An addendum to the last post
As we saw in my previous post, when we look at the largest Protestant denominations, we see that there is an obvious linear relationship between family size and the decline or growth of a denomination. When we add other large religious categories to the figure, however, the relationship becomes less obvious. The correlation certainly still exists, but we see more examples of denominations where the previous generation had fairly large families, but they nonetheless failed to grow or even saw a decline.
For example, the big Pew religious survey that was released this year showed that Mormons actually declined slightly as a percentage of the U.S. population between 2007 and 2014. Mormons are famously fecund, and my examination of survey data showed that they had, on average, larger families than any other group I considered. While the LDS church is still comparatively healthy, a rather high apostacy rate is the only thing that can account for this finding.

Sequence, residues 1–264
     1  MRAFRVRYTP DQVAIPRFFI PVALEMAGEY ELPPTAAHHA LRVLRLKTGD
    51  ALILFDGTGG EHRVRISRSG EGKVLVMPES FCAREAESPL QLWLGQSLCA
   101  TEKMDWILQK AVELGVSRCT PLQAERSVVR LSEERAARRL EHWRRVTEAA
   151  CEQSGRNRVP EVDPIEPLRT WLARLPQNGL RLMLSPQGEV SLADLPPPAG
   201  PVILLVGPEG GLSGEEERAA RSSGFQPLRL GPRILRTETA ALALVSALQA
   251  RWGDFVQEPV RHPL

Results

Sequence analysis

Catholics are another group that exhibited comparatively high fertility rates among older women, yet they have also declined as a percentage of the U.S. population. Understanding the dynamics of Catholicism in the U.S. is somewhat trickier, as the U.S. has seen a steady influx of immigration from predominantly Catholic countries for many decades. Without this knowledge, one might infer that the Catholic Church is fairly healthy. This would be an incorrect inference. Given the extraordinary number of Catholic immigrants who have entered the country since 1965, and fairly healthy Catholic birthrate, it is a sign of weakness that the percentage of Americans who identify as Catholic has not increased since the 1970s, and has even declined somewhat. Again, this implies that Catholics have a huge problem with apostacy. According to Pew, about 32 percent of Americans were raised Catholic, but only about 21 percent of Americans identify as Catholic today.
To avoid the headaches that come from looking at the rates of Catholic identification among the entire U.S. population, it is useful to look at what percentage of non-Hispanic white Americans identify as Catholic, and how this has changed over time. We see this in the figure below (from the GSS). We see that white Catholic identification has declined steadily since the mid-1980s, and shows little sign of reversing.
What accounts for this finding? My initial guess was that the major scandals in the Catholic church about sex abuse were the catalyst for an exodus from the church. However, this decline began before the most damning stories were uncovered, and the rate of decline did not seem to pick up after those revalations. So something else must be at work.